Quick Tips to Kick-Start Accessibility Testing | TechWell

Quick Tips to Kick-Start Accessibility Testing

Implementing accessibility testing in your organization requires efficiency, accuracy, and a toolbox of smart practices and tips. A primary focus on proper infrastructure, resources, and software testing tools is an important first step. For example, if testing is being conducted for a visually impaired end-user, the primary requirement is to install a screen-reading application such as JAWS, NVDA, or Window-Eyes and to involve real end-users in the testing process to elicit realistic results.

The next steps are to understand the project requirements; review relevant documents, such as VPAT; create a precise test plan; and implement that test plan, keeping the disabled end-users in mind. Be sure to study and incorporate in the test strategy various web accessibility standards such as WAI, WCAG, and Section 508.

Below are some quick tips for performing a comprehensive accessibility testing effort:

  • Test the application from all user standpoints: beginner, intermediate, and advanced
  • Test pages with assistive technologies to dig out major defects
  • Test pages via keyboard and try all features of the application using tabs and arrow keys, no mouse, to ensure access to the screen reader and cross-disability users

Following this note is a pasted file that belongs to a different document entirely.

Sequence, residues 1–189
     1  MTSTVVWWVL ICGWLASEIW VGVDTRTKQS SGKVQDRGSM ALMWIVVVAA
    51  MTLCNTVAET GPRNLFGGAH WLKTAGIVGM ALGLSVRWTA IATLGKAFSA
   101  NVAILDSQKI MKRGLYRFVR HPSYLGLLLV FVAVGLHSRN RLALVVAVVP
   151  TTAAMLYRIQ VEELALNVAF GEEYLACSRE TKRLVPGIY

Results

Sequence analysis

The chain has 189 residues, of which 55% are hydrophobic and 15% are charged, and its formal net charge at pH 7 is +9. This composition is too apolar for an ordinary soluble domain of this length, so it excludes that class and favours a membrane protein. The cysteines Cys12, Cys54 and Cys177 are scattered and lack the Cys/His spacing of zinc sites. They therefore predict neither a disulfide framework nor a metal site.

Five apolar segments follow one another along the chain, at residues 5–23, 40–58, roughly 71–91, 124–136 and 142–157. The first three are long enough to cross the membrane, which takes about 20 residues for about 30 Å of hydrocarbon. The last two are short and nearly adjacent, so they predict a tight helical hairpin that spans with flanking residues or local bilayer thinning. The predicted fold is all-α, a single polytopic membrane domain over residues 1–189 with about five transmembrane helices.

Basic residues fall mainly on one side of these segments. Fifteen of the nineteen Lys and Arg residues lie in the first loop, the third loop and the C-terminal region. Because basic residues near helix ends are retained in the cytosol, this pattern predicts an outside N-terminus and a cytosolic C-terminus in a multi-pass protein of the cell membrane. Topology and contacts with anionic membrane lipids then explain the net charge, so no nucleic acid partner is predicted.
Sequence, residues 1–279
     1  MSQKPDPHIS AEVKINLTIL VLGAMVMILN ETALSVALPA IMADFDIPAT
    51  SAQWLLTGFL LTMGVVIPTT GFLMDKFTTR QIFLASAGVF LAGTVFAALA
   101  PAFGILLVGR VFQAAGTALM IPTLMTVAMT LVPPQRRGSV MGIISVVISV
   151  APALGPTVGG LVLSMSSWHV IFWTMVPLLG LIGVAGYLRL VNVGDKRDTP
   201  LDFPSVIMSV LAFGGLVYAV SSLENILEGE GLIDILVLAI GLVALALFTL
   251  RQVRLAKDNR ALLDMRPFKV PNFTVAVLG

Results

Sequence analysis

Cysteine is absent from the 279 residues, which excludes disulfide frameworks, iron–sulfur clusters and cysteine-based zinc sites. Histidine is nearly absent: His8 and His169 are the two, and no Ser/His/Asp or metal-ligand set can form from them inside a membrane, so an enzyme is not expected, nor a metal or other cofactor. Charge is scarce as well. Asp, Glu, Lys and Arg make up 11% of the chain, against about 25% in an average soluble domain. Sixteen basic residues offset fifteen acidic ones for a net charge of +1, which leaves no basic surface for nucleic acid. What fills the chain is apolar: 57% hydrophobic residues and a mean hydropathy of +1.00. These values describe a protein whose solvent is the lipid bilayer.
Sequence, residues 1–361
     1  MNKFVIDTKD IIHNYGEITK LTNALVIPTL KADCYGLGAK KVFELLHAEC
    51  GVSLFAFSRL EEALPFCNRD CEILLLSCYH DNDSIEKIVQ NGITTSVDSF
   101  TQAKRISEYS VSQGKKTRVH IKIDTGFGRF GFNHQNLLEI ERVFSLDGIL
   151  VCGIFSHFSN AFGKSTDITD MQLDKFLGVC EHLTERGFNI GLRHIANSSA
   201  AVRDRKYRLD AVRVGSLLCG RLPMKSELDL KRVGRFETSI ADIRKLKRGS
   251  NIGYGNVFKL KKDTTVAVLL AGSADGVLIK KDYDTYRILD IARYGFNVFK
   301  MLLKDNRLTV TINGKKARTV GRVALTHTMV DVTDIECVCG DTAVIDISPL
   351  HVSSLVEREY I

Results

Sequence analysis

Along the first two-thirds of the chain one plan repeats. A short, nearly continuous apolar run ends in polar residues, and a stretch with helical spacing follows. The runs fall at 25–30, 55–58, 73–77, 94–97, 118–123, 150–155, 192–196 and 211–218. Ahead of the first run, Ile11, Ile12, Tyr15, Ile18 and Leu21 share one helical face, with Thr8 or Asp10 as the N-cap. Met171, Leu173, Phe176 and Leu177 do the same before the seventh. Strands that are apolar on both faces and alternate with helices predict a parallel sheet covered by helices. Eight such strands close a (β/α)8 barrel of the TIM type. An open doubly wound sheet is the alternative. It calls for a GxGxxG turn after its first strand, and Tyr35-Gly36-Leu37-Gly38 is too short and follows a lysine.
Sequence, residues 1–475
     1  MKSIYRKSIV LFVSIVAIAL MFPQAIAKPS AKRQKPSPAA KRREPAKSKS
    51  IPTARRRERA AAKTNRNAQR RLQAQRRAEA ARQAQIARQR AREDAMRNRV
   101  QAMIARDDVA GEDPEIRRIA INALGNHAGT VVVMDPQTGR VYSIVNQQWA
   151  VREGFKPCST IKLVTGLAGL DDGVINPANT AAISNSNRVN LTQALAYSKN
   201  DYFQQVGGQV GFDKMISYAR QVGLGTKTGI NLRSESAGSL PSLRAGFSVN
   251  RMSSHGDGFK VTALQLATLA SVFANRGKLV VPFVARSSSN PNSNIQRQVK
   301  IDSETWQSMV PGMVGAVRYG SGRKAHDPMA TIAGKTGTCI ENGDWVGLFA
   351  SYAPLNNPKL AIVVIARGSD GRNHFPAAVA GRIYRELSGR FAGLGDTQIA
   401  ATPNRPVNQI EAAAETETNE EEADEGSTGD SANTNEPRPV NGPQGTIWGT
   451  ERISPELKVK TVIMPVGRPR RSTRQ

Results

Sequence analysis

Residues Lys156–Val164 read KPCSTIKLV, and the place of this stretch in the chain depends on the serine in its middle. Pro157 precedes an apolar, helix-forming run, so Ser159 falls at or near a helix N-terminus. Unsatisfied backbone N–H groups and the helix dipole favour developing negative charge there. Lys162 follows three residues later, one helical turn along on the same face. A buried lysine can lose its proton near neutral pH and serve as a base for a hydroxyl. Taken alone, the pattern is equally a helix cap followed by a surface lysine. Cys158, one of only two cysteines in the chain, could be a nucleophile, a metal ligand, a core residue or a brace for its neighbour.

• Evaluate whether ARIA landmarks are used to create accessible interactive web pages
  • Evaluate whether requisite HTML elements are used to provide semantic descriptions of content per accessibility guidelines
  • Conduct peer pair testing, where a sighted engineer closely works with a nonsighted engineer or real user to enhance the scope of test coverage
  • Conduct exploratory testing
  • Conduct browser-specific testing to evaluate varied browser features, such as caret browsing, tab focus, zooming, accessible CSS, resizing text/images, etc.

Besides the above, you can use automated testing tools such as AChecker, the web accessibility toolbar for Internet Explorer, or the accessibility evaluation toolbar for Firefox. While I don’t recommend relying completely on automated testing tools, these are good supplemental techniques to leverage. Sometimes a website’s bad usability or an incorrectly structured user interface creates an accessibility barrier for the users. Therefore, it is also important to evaluate the usability aspects of an application from an accessibility standpoint.

As a generic best practice, traditional testers can be trained to take on a few core accessibility tests such as ensuring meaningful alt text for images, synchronizing audio/video content captions, confirming that color is not the only visual means of conveying information, and minimizing the use of screen flicker elements for animation. More than being seen as defects, these should be considered as enhancements to ensure an accessible application is developed.

To be able to do this, it is important to get the entire test team—and, if possible, the entire product team—trained and ready to use these practices in their product development efforts.

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